Three years ago, when it first became largely adopted by the mass investing population as a hedge to a collapsing market, the 3x levered ETF known as the Direxion Daily Financial Bear 3X Shares, or FAZ in short, was the hottest thing since sliced bread. Subsequently, it has transitioned form being an object of affection to one of infinite scorn, hatred and outright homicidal urges, for one simple reason: it, like many of its other levered bearish peers, is anything but a way to profit from a collapsing market. In fact, as a recent proxy filing by Direxion indicates, it is virtually impossible to make money in the long-term using FAZ... or medium-term... or, as many would say, even intraday as well. The reason for this is simple: while nobody gets the true inner workings of these inverse x-levered ETFs, certainly not the "experts" who post three times a day on Seeking Alpha, one thing everyone should understand is what the following table straight from Direxion is saying: namely that even if the market collapses by 60%, one could lose up to 96.1% of their entire investment in the FAZ, if for some ungoldy reason, annualized vol surges to 100%. Because, you know, vol only occasionally rises when the S&P plunges by more than half. The same is applicable on any time frame: in essence the FAZ only works if the two massively contradictory Venn diagrams overlap: a market plunge and not rise in vol. Uhm, maybe they should have disclosed that a little bit sooner...
This Direxion explains as follows, just so readers can do a text search in their favorite "short" ETF to confirm that it is nothing but another disguised instrument designed to lose money no matter what the market does:
Over time, the cumulative percentage increase or decrease in the value of the Fund’s portfolio may diverge significantly from the cumulative percentage increase or decrease in the multiple of the return of the Fund’s underlying index due to the compounding effect of losses and gains on the returns of the Fund. It also is expected that the Fund’s use of leverage will cause the Fund to underperform the compounded inverse return of three times its benchmark in a trendless or flat market.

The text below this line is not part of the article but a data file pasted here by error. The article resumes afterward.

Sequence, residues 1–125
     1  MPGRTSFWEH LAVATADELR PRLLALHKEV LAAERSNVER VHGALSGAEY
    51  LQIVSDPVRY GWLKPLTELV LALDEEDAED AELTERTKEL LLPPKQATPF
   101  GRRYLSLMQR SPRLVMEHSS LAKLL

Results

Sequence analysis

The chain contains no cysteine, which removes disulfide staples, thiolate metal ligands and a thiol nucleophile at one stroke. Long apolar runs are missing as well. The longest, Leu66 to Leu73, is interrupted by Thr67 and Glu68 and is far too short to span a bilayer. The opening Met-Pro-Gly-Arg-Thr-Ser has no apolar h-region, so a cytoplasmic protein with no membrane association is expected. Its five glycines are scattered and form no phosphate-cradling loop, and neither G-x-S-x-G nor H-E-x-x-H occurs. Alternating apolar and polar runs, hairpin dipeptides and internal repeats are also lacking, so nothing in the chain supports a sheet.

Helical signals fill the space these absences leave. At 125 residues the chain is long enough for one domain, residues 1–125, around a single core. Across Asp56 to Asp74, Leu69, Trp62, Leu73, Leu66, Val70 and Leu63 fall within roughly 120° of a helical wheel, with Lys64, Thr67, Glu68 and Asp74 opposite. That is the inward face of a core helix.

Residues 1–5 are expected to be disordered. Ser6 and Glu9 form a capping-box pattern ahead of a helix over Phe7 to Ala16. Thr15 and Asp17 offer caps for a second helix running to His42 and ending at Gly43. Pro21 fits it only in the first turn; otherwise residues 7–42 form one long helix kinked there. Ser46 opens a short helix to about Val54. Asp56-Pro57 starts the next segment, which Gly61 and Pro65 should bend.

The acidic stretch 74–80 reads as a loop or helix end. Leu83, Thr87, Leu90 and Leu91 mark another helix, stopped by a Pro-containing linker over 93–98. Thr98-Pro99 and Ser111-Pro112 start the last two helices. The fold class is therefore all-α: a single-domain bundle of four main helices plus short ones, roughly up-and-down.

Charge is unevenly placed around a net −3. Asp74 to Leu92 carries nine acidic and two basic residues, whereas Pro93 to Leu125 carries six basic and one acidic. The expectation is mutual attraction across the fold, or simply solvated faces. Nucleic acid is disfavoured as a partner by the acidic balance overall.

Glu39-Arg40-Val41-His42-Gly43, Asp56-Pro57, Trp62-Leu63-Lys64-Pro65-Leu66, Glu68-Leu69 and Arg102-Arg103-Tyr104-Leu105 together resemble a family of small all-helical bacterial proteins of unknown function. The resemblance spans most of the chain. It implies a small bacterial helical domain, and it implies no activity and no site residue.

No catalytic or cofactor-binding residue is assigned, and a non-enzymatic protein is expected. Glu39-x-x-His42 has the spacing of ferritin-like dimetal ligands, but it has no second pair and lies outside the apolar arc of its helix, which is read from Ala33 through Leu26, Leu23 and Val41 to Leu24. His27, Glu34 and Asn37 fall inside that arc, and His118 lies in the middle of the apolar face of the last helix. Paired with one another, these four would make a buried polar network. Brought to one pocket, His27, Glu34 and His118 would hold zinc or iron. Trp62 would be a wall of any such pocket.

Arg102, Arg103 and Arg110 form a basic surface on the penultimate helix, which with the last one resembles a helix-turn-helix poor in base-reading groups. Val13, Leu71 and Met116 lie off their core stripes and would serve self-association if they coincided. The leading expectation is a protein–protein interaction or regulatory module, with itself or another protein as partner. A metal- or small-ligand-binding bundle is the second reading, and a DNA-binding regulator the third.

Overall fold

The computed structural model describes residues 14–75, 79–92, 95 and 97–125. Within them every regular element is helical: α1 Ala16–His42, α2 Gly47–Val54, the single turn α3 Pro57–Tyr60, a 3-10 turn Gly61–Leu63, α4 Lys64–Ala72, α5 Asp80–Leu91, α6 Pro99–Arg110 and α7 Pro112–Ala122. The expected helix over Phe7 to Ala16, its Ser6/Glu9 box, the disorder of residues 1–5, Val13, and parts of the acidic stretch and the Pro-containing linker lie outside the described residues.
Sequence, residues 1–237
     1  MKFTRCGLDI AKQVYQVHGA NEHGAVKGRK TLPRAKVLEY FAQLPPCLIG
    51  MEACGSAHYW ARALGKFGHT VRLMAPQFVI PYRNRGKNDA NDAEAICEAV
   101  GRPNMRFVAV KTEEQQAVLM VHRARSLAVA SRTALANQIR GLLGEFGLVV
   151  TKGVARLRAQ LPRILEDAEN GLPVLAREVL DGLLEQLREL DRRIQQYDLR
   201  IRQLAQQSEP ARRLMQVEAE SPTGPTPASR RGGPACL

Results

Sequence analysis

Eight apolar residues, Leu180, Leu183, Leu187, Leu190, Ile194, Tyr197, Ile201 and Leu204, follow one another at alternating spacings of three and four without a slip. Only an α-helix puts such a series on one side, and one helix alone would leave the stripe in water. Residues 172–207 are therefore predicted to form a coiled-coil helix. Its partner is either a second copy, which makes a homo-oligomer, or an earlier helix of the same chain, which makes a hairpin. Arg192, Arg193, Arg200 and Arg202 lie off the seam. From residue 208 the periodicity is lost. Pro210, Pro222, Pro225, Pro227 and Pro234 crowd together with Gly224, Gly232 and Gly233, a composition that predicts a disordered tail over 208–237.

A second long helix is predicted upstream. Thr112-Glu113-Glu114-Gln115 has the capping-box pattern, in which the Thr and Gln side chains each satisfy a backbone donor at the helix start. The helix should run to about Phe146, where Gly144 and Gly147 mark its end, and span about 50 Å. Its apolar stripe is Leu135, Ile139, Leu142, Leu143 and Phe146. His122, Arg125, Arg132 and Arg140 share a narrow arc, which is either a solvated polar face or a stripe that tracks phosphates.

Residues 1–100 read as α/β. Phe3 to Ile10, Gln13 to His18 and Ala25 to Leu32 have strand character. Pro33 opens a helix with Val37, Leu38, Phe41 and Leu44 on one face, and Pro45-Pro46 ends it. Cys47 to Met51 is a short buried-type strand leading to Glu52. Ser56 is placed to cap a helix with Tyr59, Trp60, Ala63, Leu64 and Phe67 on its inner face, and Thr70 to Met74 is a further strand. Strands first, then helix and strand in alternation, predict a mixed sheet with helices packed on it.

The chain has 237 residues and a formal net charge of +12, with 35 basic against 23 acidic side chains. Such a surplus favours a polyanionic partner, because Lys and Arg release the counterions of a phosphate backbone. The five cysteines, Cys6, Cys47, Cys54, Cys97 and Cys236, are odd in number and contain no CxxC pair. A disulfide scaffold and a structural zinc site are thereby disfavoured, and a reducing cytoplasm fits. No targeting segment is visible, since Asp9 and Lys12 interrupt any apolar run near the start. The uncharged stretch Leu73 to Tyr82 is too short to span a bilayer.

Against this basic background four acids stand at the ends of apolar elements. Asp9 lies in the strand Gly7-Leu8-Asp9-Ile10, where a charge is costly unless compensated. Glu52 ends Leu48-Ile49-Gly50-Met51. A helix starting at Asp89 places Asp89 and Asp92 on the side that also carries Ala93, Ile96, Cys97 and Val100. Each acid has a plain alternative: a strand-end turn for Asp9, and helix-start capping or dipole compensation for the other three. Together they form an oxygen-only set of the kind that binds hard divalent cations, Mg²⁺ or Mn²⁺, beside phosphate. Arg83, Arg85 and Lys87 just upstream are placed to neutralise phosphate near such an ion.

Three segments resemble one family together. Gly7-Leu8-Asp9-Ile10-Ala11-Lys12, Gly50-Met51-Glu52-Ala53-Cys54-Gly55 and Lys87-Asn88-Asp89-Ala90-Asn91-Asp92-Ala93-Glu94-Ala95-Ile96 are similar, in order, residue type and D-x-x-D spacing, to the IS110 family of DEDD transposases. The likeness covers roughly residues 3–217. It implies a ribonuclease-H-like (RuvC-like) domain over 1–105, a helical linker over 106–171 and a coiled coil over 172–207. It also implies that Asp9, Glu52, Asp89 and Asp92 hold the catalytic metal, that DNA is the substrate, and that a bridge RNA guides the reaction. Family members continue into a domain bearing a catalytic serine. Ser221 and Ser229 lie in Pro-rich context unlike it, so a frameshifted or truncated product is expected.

The effect of compounding becomes more pronounced on the Fund’s performance as the Index experiences volatility. The Index’s volatility rate is a statistical measure of the magnitude of fluctuations in the returns of the Index. The table below provides examples of how Index volatility could affect the Fund’s performance. The chart shows estimated Fund returns for a number of combinations of performance and volatility over a one-year period. As shown below, this Fund, or any other 3X Bear Fund, would be expected to lose 31.3% (as shown in Table 1 below) if its Index provided no return over a one year period during which the Index experienced annualized volatility of 25%.
If the Index’s annualized volatility were to rise to 75%, the hypothetical loss for a one year period for the Fund widens to approximately 96.6%. At higher ranges of volatility, there is a chance of a near complete loss of value even if the Index is flat. For instance, if the Index’s annualized volatility is 100%, the Fund would be expected to lose approximately 100% of its value, even if the cumulative Index return for the year was only 0%.
With that table in mind, perhaps the next table is far more palatable: it shows the "performance" of the FAZ-mobile... straight to the poorhouse.
We dread to even calculate what an investment of $100 on January 1 2009 would be worth today.
And here are some other pearls of brilliance from the Direxion proxy:
Shorting Risk — The Fund may engage in short sales designed to earn the Fund a profit from the decline in the price of particular securities, baskets of securities or indices. However, there is a risk that the Fund will experience a loss as a result of engaging in these short sales.
Mmhmm, you go long an inverse leveraged ETF which guarantees to lose you money in the long-run, yet the fund, which works by synthetic and actual shorting, warns you of risk associated with... shorting?
But the kicker undoubtedly is:
Income and capital gain distributions you receive from the Fund are subject to federal income taxes and may also be subject to state and local taxes. Distributions for this Fund may be significantly higher than those of most exchange-traded funds.
Oh, something tells us the likelihood of FAZ being the source of actual taxable income, and thus having to worry a whole lot about this particular risk factor, is not all that high.
In other words: anyone who believes that market may go up or collapse, with vol exploding, should probably consder not going long the FAZ. Or any other levered ETF, all of which effectively guarantee to lose most if not all of your capital. Because apparently America never learned its lesson with synthetic CDOs in the aftermath of Abacus et al.